The vagus nerve, brain, emotions and why mindfulness can be difficult but yoga a solution

Dr. Bessel van der Kolk is one of the world’s leading authorities on trauma and has pioneered his use of yoga as a therapy. He was a guest lecturer when I did my Yoga Therapy training with The Minded Institute, and I look forward to learn more from him this summer when I will attend a  3 day conference, Attachment and Trauma, where he will be one of the speakers.

“Now, many people who don’t know a lot about trauma think that trauma has something to do with something that happened to you a long time ago. In fact, the past is the past and the only thing that matters is what happens right now. And what is trauma is the residue that a past event leaves in your own sensory experiences in your body and it’s not that event out there that becomes intolerable but the physical sensations with which you live that become intolerable and you will do anything to make them go away.” (Bessel van der Kolk)

Bessel Van der Kolk: “what makes life unbearable is not emotions but physical sensations.”

“When you have a persistent sense of heartbreak and gut wrench, the physical sensations become intolerable and we will do anything to make those feelings disappear. And that is really the origin of what happens in human pathology. People take drugs to make it disappear, and they cut themselves to make it disappear, and they starve themselves to make it disappear, and they have sex with anyone who comes along to make it disappear and once you have these horrible sensations in your body, you’ll do anything to make it go away.”

“If these sensations last long enough, your whole brain starts fighting against emotions. And what happens in the long range is that traumatised people who continuously have a state of heartbreak and gut wrenching feelings learn to shut off the sensations in their bodies. And they go through life not feeling their physical presence.”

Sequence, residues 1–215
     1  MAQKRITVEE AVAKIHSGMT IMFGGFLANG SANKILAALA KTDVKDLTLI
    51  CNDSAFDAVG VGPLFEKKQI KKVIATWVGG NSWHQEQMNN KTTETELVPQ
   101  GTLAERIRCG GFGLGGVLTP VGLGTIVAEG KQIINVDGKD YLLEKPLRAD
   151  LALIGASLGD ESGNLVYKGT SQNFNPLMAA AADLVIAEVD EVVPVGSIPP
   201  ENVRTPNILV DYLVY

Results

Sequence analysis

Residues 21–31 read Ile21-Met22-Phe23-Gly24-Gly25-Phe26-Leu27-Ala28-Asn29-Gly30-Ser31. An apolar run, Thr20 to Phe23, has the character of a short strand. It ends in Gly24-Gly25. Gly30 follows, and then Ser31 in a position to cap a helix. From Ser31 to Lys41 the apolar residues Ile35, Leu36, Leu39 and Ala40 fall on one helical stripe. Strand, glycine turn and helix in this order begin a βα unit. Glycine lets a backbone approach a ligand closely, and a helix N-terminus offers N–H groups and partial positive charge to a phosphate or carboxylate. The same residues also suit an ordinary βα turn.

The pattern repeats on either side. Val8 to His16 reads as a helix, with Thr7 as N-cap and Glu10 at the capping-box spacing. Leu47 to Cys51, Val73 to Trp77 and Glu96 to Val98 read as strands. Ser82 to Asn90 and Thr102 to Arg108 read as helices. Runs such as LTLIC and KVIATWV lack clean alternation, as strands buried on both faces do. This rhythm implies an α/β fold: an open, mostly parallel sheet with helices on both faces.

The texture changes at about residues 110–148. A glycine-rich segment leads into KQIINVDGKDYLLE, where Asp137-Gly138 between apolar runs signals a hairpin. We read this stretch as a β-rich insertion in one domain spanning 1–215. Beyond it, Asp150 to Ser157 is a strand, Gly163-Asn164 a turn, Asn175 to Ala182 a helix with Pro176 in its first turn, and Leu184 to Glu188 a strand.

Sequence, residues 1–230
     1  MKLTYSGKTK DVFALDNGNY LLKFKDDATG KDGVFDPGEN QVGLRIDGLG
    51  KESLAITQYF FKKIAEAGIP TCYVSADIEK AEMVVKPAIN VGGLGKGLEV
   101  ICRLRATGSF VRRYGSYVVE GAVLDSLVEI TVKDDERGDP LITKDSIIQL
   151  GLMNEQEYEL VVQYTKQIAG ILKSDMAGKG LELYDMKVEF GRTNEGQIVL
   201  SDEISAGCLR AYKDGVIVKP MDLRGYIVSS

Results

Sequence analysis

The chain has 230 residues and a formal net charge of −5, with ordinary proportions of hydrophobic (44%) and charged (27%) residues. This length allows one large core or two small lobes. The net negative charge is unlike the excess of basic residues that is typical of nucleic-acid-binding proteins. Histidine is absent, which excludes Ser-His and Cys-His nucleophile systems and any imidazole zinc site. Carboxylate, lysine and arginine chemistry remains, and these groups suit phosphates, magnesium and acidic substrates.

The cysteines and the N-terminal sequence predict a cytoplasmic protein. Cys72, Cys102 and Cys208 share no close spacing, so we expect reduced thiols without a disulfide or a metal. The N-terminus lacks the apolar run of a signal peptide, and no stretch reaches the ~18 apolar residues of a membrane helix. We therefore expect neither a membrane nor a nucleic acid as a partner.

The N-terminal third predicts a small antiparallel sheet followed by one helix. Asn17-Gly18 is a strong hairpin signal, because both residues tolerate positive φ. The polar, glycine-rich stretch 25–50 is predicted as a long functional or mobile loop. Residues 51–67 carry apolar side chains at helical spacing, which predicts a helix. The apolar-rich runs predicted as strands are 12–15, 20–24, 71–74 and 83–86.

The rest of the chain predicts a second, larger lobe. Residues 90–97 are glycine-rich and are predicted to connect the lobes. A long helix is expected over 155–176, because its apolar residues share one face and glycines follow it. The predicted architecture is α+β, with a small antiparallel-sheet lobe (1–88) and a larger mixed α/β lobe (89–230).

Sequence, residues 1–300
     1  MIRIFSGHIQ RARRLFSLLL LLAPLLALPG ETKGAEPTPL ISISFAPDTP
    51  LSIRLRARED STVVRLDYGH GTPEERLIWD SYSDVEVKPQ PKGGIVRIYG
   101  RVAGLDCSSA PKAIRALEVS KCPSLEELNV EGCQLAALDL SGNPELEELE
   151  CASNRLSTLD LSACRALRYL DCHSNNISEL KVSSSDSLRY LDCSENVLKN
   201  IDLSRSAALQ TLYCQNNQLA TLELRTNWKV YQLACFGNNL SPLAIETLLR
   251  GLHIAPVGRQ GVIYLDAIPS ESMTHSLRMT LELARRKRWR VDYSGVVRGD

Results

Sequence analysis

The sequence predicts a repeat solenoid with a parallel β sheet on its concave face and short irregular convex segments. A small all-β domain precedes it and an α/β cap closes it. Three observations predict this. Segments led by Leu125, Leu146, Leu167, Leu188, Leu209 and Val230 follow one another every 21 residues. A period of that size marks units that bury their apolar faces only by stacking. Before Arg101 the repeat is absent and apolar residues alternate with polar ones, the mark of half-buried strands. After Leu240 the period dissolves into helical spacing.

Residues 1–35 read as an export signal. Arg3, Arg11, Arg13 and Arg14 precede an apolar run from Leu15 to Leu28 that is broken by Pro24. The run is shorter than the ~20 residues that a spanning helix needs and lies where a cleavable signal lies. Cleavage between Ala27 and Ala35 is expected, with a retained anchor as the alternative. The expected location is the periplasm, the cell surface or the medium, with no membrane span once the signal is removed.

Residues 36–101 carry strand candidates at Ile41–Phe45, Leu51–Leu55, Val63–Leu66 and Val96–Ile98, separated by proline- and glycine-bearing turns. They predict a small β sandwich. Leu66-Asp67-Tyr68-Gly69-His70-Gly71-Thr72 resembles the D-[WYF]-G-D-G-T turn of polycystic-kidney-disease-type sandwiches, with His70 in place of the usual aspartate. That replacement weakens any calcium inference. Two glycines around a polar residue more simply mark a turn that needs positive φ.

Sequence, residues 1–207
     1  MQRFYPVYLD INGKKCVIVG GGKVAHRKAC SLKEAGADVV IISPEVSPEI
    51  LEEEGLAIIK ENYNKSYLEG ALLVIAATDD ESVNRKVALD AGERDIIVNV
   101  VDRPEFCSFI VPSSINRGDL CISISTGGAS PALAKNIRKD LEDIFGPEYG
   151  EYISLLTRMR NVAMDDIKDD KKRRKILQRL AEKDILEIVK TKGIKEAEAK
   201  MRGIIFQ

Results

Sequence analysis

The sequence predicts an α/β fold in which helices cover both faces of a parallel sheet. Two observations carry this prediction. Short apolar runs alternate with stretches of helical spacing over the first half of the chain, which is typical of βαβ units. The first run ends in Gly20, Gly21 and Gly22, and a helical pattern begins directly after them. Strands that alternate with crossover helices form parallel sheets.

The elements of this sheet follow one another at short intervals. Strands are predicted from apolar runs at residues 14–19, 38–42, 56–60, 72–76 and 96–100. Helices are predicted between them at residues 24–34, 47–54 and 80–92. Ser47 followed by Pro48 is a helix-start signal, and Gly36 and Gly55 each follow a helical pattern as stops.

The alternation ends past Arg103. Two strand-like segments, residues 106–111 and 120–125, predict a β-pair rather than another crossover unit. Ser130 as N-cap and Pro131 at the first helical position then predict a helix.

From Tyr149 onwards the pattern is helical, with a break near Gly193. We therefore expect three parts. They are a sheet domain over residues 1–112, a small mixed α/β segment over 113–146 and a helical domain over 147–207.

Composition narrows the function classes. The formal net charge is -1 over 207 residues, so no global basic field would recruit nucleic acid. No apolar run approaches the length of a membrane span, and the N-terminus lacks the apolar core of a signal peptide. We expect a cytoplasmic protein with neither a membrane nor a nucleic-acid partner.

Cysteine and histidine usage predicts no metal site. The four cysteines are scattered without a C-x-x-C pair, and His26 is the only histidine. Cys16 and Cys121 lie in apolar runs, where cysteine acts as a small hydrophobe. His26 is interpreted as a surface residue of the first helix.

– “it’s a beginning of understanding why traumatised people have such a hard time with mindfulness and why mindfulness in principle doesn’t work for traumatised people because they cannot feel.”

Bessel van der Kolk noticed that many traumatised people that he had sent to do a mindfulness training were struggling and came back feeling frustrated, often feeling upset and agitated.

“As they became silent and started to pay attention to themselves, they get overwhelmed with the physical sensations and they would flee, because being mindful means that you get confronted with your internal world.” In other words, the sensations of the internal world can be so intense that, lacking the tools to work through those sensations, people dissociate during mindfulness exercises.

In his search for self-regulation for traumatised individuals van der Kolk started a Yoga practice and he found yoga to be a way where people can start to feel safe while feeling their physical sensations and a way to find a quiet practice of stillness.


Like Bessel van der Kolk, I also believe and have witnessed over the years that bodywork and somatic re-education (TRE, Yoga, Qigong, Acupuncture, Massage and also Cold Therapy) are essential components to releasing and restoring function to tissues and organs that have lost mobility due to years of fleeing from those physical sensations that van der Kolk describes. We may learn to stay present with our physical sensations, and the practice of TRE and Yoga plus other therapies could help to loosen up our body tissues to achieve homoeostasis where the body can start to heal again.

The 8 Week Yoga Therapy for the Mind Course that I teach and also the Yoga Therapy Vitality Program both work very well for healing from trauma, both courses are what you call “trauma sensitive” and I learned in my Yoga Therapy Study with The Minded Institute skills in working with this population and how to create safe programs that work and aid in healing.

Both courses are suitable for those with anxiety and depression as well as anyone wanting to reduce their stress levels and increase their general well-being as I believe we all have our share of trauma’s, we sometimes and often just don’t remember them.






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